So in the morning I was ready to go. Friend Kerry kindly took me and luggage to Sydney Domestic Airport to board my 15.15 flight to Launceston. I was in Launceston Airport about 17.00, and on a shuttle bus into town around 18.00. I was impressed how easy it was to get the bike on and off the plane and onto the shuttle bus, all very efficient and trouble-free.
I enjoyed beautiful weather both in Sydney and here. In the friendly and helpful Arthouse Backpackers Hostel, I had time to buy a few groceries at a nearby supermarket, make some dinner, relax, and gloat about how pleasant and low-hassle my trip was thus far.
27 km covered on bike today
Another beautiful day. I unpacked and assembled my bike, and found that the hostel hosts would allow me to store my bike box in a shed and use it again for my return flight; wonderful! I found to my delight that I could pick up from the hostel office a bottle of camp stove fuel to use on my trip, and return it at the end for the next traveller with a stove; what a great system!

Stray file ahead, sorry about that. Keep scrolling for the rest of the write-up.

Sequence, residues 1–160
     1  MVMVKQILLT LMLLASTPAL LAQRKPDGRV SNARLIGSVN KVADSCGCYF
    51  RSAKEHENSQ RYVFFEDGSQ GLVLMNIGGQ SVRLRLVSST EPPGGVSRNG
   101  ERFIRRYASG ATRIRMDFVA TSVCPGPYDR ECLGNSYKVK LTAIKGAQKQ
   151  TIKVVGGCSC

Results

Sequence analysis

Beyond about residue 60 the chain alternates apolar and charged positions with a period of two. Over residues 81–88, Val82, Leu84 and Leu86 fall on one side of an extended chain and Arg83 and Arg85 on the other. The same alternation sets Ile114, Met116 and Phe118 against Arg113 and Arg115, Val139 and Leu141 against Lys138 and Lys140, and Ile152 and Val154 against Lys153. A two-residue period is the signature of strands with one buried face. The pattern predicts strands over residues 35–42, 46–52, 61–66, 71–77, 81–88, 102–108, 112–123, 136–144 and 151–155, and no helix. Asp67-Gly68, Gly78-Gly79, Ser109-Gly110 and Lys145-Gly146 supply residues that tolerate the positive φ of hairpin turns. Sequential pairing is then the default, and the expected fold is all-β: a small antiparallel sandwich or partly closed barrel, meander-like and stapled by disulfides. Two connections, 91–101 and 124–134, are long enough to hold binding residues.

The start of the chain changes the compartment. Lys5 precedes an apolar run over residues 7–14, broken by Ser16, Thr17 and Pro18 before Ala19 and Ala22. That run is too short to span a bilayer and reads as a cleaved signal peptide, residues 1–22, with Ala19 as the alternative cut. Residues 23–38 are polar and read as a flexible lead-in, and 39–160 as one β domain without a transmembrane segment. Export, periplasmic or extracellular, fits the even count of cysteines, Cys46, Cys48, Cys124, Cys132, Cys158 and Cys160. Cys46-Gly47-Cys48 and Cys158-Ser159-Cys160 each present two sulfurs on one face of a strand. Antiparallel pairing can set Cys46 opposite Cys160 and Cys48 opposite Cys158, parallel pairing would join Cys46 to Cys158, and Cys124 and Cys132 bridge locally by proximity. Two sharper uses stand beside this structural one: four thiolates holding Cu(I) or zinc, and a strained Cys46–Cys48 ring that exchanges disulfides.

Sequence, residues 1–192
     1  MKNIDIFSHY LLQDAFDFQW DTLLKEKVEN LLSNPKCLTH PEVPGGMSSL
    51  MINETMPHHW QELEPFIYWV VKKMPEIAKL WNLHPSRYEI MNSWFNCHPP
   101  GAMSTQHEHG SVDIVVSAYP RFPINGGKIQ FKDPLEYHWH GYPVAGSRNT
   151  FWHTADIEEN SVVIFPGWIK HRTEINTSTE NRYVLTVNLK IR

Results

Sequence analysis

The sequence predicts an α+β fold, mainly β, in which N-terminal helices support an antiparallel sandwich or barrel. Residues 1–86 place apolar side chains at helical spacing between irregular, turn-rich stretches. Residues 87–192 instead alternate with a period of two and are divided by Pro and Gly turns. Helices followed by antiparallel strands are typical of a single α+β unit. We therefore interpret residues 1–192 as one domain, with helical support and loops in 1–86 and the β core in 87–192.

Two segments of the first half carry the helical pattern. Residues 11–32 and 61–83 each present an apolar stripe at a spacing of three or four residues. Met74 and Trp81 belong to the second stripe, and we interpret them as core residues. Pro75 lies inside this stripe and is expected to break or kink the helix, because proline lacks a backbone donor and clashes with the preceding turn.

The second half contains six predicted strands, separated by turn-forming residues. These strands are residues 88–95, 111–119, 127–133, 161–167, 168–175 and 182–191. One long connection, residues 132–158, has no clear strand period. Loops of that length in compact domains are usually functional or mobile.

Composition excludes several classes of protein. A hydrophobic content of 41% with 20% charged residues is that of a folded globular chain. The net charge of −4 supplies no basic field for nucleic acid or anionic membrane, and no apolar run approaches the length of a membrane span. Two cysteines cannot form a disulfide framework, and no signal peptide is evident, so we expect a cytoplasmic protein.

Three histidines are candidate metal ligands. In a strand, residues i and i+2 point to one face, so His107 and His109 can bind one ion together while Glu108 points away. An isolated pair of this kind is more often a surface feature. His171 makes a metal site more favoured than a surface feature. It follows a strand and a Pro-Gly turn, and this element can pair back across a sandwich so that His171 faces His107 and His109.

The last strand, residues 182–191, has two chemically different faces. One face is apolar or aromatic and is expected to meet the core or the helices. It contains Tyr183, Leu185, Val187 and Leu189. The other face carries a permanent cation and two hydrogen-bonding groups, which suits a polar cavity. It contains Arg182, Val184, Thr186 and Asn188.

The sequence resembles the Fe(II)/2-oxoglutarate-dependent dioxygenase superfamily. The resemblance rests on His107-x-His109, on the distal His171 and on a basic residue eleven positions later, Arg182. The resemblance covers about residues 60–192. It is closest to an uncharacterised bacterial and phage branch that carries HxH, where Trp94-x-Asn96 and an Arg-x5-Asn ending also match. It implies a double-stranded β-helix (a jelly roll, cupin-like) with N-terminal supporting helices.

I took a test ride for some distance downstream on the West Tamar Highway and returned down-town to explore the city centre. No major problems with the bike, just broke my mirror (maybe from the plane flight) so will have to replace it eventually.
I didn't bring my laptop on the trip, obviously too heavy and fragile for the bike. But I did have my Kindle e-reader with a rudimentary browser and wi-fi capability. It did not work on all websites or emails, but I as able to start using it and keep in sporadic contact with Maggie.
Today is the real start. All bags on the bike and all ready at 08.30. On my first day I'd start toward the east coast via Lilydale and Scottsdale, and see how far I'd get. It was a good fast run down the eastern side of the Tamar Valley; if it's like this all the way there's no stopping me.